One thing that Wikipedia does do is to remove the control of information from a small select group of editors or other insiders and return it to the group as a whole. I believe this distributed nature of Wikipedia caused some of Seigenthaler's antipathy. He is used to dealing with organizations where there are managers or executives in charge. Here there was no one to scream at. Traditional organizations thrive on blame and responsibility, whereas distributed organizations focus on using structure to solve problems. We tend to reward leaders excessively for the success of their organizations and penalize them excessively for the failures, but humans are social creatures whose successes and failures are quite often the result of group dynamics and chance rather than leadership.

Trust but Verify

Trust but verify. -- Russian proverb

Trust but verify. -- Ronald Reagan

Trust but verify. Ah, one of my best lines. I'll never forgive that thief Ronald Reagan -- Eric Zorn

With online or traditional information sources, all details must be checked. This is somewhat less critical in fiction; but believe me, readers will let you know when you make an obvious mistake. All reference sources are produced either directly or indirectly by humans, and we know that humans are susceptible to error.

Online research is much faster than doing a traditional search through your own reference books or at the local library. It's much easier to copy the parts you want as well. It takes some practice learn to write productive queries for online databases, and to winnow out unwanted results, but you can get a lot more work done. I spent several hours doing research for this article; but if I had been forced to do it all without using the Internet, it would have been several days.

Another advantage is that online sources such as Wikipedia tend to be much more current. It takes months if not years to update a print encyclopedia or dictionary. If you need current information, online is definitely better than print. Try finding anything about OGLE-2005-BLG-390L a recently discovered planetary system from another source. All the popular search engines referred me right back to the relevant articles on Wikipedia. I did use a link on that page to see a relevant article on the Nature website to verify the accuracy. The process there is to follow the link, go to the top level of the new site and then bore back down to the relevant article to make sure it actually exists on the site. This may seem like overkill, but it's quite easy to create a page that looks good and seems to be at the right location but is actually a fake. The process is called phishing and is commonly used by spammers to set up fake sites for stealing credit card information and such.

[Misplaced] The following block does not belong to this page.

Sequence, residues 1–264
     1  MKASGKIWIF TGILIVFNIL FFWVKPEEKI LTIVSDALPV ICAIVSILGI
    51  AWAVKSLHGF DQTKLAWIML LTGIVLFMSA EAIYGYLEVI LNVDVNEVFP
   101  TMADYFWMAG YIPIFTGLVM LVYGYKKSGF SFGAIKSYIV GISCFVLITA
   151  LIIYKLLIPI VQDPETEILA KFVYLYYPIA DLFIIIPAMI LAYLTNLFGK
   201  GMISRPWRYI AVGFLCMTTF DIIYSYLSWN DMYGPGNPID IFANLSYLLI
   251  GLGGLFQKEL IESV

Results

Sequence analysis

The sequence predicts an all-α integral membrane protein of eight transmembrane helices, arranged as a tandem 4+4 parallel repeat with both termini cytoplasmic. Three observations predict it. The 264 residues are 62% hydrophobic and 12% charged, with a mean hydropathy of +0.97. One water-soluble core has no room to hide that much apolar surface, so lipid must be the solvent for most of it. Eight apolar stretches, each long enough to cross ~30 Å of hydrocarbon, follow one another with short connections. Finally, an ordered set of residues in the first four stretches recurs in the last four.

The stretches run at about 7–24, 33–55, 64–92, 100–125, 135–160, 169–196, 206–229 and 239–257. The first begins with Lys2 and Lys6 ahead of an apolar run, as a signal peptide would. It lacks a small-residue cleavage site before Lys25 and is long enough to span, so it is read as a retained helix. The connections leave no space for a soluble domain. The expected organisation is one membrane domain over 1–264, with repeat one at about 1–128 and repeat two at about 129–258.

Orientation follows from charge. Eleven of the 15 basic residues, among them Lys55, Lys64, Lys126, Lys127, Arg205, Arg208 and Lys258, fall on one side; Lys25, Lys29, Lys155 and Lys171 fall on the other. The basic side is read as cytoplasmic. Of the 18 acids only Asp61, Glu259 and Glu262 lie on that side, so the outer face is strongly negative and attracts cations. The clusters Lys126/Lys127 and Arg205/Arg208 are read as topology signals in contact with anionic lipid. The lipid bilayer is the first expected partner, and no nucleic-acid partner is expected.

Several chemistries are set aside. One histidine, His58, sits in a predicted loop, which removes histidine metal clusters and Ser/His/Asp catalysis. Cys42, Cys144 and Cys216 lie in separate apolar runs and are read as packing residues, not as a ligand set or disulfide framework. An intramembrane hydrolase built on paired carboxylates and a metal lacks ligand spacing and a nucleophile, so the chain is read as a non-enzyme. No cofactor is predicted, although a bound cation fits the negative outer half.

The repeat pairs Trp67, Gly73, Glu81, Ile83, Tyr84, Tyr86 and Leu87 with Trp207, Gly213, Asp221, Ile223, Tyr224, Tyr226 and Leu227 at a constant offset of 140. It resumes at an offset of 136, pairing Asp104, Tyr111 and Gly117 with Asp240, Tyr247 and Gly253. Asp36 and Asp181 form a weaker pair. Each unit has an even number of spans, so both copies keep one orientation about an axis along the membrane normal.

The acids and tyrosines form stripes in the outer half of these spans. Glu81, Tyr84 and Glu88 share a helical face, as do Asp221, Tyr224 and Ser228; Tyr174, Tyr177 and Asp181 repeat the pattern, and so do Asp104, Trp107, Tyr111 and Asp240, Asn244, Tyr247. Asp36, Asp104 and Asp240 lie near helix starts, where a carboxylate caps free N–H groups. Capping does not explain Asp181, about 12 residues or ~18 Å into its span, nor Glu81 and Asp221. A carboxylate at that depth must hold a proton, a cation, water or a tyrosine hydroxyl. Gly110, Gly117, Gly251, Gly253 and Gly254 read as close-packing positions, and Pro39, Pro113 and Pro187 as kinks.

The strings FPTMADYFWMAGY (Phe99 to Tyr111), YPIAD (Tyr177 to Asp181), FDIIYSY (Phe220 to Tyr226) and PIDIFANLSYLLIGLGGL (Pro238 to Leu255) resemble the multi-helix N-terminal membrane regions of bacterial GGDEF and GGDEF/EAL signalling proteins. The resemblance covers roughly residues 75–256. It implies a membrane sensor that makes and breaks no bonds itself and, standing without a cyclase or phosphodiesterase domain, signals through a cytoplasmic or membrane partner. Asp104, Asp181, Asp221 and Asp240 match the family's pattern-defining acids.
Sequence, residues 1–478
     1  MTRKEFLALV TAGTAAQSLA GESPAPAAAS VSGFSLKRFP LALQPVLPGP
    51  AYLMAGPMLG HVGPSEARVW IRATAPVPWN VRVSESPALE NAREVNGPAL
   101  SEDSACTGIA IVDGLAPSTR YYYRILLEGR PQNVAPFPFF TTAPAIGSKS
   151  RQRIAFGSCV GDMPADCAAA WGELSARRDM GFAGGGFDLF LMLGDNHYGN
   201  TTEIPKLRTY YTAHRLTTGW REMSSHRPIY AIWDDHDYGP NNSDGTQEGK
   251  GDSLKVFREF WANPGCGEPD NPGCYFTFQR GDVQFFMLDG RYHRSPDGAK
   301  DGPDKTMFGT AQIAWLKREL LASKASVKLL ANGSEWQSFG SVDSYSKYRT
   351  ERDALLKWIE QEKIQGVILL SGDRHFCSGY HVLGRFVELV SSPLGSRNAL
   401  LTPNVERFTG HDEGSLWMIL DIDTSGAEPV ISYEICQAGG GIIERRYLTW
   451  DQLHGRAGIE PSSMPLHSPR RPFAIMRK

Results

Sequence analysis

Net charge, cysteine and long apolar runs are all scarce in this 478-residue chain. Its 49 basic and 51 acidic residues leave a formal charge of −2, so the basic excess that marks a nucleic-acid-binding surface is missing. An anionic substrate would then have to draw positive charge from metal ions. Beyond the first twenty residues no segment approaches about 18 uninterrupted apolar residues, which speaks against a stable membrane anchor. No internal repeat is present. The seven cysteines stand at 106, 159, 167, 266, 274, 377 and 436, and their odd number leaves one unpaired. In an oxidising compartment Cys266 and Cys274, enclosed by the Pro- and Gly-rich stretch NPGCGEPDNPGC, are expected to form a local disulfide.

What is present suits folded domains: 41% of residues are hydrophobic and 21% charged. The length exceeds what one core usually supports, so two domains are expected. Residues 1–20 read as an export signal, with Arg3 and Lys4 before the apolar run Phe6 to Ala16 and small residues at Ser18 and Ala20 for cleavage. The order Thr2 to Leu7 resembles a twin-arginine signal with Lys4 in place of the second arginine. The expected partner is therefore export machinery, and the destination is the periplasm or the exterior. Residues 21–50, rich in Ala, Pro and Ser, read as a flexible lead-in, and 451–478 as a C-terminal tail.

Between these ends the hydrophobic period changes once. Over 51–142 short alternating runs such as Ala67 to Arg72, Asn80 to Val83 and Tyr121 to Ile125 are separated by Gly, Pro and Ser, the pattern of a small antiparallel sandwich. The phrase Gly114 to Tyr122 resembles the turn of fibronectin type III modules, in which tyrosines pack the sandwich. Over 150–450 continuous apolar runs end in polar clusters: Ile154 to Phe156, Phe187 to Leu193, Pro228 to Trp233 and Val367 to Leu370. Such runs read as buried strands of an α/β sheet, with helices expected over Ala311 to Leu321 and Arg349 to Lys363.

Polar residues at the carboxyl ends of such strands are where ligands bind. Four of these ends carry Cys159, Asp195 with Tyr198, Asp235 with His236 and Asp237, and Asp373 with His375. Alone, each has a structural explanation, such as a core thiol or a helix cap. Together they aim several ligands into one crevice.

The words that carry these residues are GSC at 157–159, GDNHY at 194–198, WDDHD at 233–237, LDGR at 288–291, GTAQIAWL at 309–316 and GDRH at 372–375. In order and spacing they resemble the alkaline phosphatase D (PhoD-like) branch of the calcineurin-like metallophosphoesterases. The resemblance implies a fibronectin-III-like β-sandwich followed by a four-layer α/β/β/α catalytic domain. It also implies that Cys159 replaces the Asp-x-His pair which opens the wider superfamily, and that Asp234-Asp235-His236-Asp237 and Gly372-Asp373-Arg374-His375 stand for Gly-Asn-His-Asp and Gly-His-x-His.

Conclusion

The sun also shines on the wiki. -- Seneca Lucius

With any source of information, you must verify. The Internet is no different from traditional media in this regard; and due to the ease with which information can be posted, there is a great deal of false, misguided, misleading or mistaken information available there. Don't expect anyone to tell you which is which. You really need to do your homework to develop reliable sources just as you do with people you interview directly. Try to become familiar with the source and try to understand the process by which the information is created and checked, so you can understand the strengths and weaknesses of a particular source. If all you have to go on is an unattributed source, you can do that; but let your readers know that it's an unattributed source.

I would like to apologize for all the quotations that I have mangled in the pursuit of puns. In my defense I would just like to say that no trees were killed as part of the creation of this article. gk [And the quotations are gems all on their own, Gary! Im still chuckling. -- Mary Rosenblum, LR Web Editor]